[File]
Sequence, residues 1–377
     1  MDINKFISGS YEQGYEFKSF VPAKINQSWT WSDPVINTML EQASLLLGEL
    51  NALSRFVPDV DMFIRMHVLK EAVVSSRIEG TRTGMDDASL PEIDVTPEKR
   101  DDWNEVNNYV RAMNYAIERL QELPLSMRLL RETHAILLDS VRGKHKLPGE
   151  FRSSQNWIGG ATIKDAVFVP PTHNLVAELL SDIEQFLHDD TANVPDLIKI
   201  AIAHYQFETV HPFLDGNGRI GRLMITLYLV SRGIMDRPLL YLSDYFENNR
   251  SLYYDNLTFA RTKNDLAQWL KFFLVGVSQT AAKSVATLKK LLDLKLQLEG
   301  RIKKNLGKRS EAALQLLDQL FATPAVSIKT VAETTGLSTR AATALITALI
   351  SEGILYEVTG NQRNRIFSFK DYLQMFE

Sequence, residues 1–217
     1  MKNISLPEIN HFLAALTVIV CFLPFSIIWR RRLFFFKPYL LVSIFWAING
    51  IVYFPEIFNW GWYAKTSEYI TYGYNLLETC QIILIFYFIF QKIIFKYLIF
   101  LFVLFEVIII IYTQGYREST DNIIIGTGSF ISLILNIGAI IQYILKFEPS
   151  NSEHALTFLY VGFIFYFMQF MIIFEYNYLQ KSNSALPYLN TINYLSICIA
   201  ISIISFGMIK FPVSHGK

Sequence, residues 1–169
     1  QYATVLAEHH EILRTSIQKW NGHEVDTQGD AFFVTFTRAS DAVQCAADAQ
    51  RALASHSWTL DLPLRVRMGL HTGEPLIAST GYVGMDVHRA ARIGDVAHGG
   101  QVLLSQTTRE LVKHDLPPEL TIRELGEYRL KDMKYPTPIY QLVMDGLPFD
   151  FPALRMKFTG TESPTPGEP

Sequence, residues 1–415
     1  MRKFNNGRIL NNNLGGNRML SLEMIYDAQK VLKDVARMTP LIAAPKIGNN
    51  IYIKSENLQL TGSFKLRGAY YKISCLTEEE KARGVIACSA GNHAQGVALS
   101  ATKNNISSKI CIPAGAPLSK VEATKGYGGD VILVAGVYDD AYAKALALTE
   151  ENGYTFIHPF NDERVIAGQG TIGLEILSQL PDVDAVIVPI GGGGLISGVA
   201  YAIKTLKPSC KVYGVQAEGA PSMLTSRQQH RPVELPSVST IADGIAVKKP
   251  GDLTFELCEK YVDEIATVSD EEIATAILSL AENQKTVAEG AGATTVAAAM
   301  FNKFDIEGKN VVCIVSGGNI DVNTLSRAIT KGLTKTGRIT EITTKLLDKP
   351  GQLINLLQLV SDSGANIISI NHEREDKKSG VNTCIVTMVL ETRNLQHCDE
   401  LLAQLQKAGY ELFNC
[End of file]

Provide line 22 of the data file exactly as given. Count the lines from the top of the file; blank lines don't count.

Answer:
     1  MRKFNNGRIL NNNLGGNRML SLEMIYDAQK VLKDVARMTP LIAAPKIGNN